SYDNEY (Reuters) – Crude oil prices fell on Friday as concerns over the outlook for global economic growth outweighed elevated tensions in the Middle East that could disrupt supply routes and send prices higher.
FILE PHOTO – A crude oil tanker is seen at Qingdao Port, Shandong province, China, April 21, 2019. Picture taken April 21, 2019. REUTERS/Jason Lee
U.S. West Texas Intermediate (WTI) crude futures CLc1 were down 1.1% at $56.72 per barrel by 0310 GMT. There was no settlement price on Thursday because of the Independence Day holiday in the United States.
Front-month Brent crude futures LCOc1 were down 0.1% at $63.25 per barrel, after closing down 0.8% on Thursday.
Analysts said oil was under pressure because fears over future demand amid trade disputes threatening global economic growth. But losses were checked by commitment to cut production from the world’s largest exporters – including members of the Organization of the Petroleum Exporting Countries (OPEC) and other producers such as Russia, a grouping known as OPEC+.
“Global growth remains the main factor holding back crude prices,” said Alfonso Esparza, senior analyst at OANDA. “The OPEC+ deal will keep prices from falling too hard, but there must be an end to trade protectionism to assure the demand for energy products recovers.”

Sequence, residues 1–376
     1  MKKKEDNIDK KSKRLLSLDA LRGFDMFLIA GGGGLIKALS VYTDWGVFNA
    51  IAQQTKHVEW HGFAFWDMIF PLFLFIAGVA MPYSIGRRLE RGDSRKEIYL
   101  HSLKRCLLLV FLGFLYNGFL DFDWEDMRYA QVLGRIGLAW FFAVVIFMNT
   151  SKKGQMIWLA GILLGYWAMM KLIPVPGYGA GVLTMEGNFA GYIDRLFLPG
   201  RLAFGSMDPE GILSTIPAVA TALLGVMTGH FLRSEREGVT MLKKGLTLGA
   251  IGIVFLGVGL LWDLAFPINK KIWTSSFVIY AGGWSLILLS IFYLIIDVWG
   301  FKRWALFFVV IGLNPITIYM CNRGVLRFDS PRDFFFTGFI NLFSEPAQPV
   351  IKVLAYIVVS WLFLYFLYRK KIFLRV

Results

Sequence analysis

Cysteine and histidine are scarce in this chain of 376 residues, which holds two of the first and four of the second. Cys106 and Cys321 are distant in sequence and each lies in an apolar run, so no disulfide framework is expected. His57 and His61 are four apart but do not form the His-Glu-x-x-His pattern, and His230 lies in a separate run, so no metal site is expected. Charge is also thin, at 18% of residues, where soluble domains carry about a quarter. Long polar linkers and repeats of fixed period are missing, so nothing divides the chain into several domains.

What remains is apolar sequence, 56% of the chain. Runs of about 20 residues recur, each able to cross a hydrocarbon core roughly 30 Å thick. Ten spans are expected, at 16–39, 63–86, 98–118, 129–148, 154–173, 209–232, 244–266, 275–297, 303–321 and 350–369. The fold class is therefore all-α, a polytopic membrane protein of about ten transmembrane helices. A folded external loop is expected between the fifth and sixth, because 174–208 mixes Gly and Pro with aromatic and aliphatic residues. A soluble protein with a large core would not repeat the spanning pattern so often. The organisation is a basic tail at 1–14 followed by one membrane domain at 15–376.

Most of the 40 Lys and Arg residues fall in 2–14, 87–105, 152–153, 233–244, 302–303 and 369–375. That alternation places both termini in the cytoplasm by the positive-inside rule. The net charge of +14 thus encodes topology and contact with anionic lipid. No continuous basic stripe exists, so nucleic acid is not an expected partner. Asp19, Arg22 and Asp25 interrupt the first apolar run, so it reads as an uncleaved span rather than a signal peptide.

New orders for U.S. factory goods fell for a second straight month in May, government data showed on Wednesday, stoking economic concerns.
The U.S. Energy Information Administration on Wednesday reported a weekly decline of 1.1 million barrels in crude stocks, much smaller than the 5 million barrel draw reported by the American Petroleum Institute earlier in the week.
That suggests oil demand in the United States, the world’s biggest crude consumer, could be slowing amid signs of a weakening economy.
Countering the downward pressure, ongoing tensions in the Middle East also offered some support.
British Royal Marines seized a giant Iranian oil tanker in Gibraltar on Thursday for trying to take oil to Syria in violation of EU sanctions, a dramatic step that drew Tehran’s fury and could escalate its confrontation with the West.
Reporting by Colin Packham; Editing by Joseph Radford